Android Malware Xbot Spies on Text Messages
In the past few weeks, the Avast Mobile Security analysts have been focusing on Android malware which targets users in Russia and Eastern Europe. One of the families that caught our interest was the Xbot malware.
The name Xbot comes from the sample itself as the string Xbot was found in all variants of this malware. Xbot uses a variety of names and package names but this string was, with different levels of obfuscation, in every single file we analyzed so we decided to name the malware after it.
Xbot is not an app itself, but is included in different apps. We didn’t identify it in apps available on Google Play, but on local Russian markets like www.apk-server12.ru. Users in Eastern Europe use markets other than Google Play more than West European and U.S. users do, that might be one of the reasons why the cybercriminals chose this distribution channel. Xbot tries to hide behind apps that look like legit apps, like Google Play or the Opera Browser. It collects tons of permissions which allows it to spy on user’s SMS and the malware could potentially spy on people’s phone calls in the future, too. It also sends premium SMS behind the user’s back, so basically it is malicious through-and-through.
From the beginning of February we have seen 353 Unique Files with more than 2570 Unique Install GUIDs. These numbers are not the highest ones we’ve ever seen but still, it allows us, unfortunately, to see the potential of Android malware and social engineering.
The author hides a message
One interesting thing we discovered is that the malware author is not shy about expressing his anger with the antivirus companies who detect his masterpiece. Sometimes we find embedded messages addressed to Malware analytics. This one is quite strong. See if you can spot it: //9new StringBuilder (“FUCK_U_AV” )).append(“1″).toString();. Messages like this are nothing new in malware samples because security companies like Avast can really cut into the bad guys’ income from this type of malware.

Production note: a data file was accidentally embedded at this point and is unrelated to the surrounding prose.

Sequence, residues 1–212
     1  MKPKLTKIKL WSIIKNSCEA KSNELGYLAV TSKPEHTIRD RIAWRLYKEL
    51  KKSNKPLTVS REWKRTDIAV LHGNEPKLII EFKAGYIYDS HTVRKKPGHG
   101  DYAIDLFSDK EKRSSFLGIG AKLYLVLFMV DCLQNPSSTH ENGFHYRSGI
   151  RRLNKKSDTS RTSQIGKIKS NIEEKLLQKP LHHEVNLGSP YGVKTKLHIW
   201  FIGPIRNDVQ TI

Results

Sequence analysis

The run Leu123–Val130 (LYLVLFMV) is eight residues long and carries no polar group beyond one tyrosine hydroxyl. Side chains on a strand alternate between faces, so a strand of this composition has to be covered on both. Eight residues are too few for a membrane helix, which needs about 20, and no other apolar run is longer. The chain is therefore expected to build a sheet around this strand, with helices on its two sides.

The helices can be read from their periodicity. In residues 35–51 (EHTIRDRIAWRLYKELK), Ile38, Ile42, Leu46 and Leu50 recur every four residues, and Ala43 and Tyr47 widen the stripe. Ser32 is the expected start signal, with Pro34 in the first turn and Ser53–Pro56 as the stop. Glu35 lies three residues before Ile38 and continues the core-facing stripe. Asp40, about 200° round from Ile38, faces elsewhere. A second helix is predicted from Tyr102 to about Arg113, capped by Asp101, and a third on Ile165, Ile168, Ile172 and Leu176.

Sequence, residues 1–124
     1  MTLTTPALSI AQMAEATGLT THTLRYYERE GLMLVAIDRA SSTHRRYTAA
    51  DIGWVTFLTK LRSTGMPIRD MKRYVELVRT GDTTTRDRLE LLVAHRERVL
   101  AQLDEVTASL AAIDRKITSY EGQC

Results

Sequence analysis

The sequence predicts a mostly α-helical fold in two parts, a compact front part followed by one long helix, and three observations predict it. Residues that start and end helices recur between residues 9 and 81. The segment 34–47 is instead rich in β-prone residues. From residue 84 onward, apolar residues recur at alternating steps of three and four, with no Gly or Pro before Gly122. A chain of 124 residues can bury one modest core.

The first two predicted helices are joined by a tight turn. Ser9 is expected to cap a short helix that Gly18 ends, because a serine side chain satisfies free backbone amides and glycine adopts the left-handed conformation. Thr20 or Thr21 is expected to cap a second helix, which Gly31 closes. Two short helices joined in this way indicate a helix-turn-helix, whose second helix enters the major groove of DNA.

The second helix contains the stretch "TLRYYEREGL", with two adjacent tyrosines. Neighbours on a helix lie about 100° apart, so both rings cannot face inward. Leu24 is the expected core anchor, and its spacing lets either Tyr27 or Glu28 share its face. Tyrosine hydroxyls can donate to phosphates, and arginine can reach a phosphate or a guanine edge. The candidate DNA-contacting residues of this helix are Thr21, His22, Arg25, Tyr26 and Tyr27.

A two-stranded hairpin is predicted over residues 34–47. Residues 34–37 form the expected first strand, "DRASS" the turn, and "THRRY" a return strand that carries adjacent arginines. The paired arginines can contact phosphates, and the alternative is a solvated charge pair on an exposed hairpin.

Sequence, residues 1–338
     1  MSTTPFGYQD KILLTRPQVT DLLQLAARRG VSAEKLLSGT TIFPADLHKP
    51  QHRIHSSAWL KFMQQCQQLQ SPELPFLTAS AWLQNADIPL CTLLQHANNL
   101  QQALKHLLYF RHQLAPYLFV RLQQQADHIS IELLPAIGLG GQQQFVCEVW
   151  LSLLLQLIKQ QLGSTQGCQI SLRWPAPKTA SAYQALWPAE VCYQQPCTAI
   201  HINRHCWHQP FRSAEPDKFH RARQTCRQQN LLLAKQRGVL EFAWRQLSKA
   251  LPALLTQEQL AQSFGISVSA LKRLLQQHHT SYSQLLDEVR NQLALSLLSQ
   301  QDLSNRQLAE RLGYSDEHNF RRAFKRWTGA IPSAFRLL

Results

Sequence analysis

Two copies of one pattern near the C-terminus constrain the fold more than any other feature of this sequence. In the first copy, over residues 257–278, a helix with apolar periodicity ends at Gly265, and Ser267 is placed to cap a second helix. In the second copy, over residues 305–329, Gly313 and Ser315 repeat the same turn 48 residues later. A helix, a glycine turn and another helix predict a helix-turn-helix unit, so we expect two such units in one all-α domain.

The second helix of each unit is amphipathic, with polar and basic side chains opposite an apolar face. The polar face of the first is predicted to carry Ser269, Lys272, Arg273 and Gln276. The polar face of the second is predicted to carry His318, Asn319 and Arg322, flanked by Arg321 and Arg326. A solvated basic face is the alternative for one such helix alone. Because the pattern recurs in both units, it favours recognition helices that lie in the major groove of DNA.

The author tries to cover his tracks
As a part of anti-analysis protection, the author(s) try to obfuscate these samples to make them harder to read. But this protection is fairly simple, as it usually consists of adding additional junk characters which are excluded at runtime or the Proguard, which mangles the method names and file structure. Read more…
One small Android application shows lots of determination and persistence. Too bad it’s evil.
The year 2014 was significant with a huge rise in mobile malware. One of the families impacting our users was malware Fobus, also known as Podec. This malware poses as a more or less useful application, but for sure it won’t be what the user expects. This malware usually has two language versions, English and Russian, and applications seem to be generated automatically.
All that, and a bag of chips
From the permissions in the manifest, we can see that once Fobus is installed on the victim’s device it cannot only send SMS and call premium numbers, which may cost a lot of money, but it also works as Spyware and can steal personal data from the infected device. That’s a lot of bad stuff packed into one small application.
Next up is a bit more technical stuff. If you are really eager, skip to Me thinks that something is amiss section to see how it works. Read more…
avast! Virus Lab infographic shows how prolific and wide-spread Browser Ransomware attacks have been over the last three months.
During December I wrote about the tricks and tactics of Browser Ransomware. Browser Ransomware is malware that works in different types of browsers to prevent people from using their PCs. To get access back to their own PC, the victim of this malware must pay a ransom to unblock it. The key to success for this attack is its translations into many different languages, giving the cybercrooks a bigger pool of potential victims.
Today I would like to look back on Browser Ransomware attacks and share some data from our avast! CommunityIQ with you.
We detect Ransomware attacks using several different methods. The detections I checked were created January 30, 2014. I was really surprised at the huge impact this attack has had on AVAST users.
- In a little under 3 months, AVAST protected more than a half million unique users around the world from Ransomware attacks.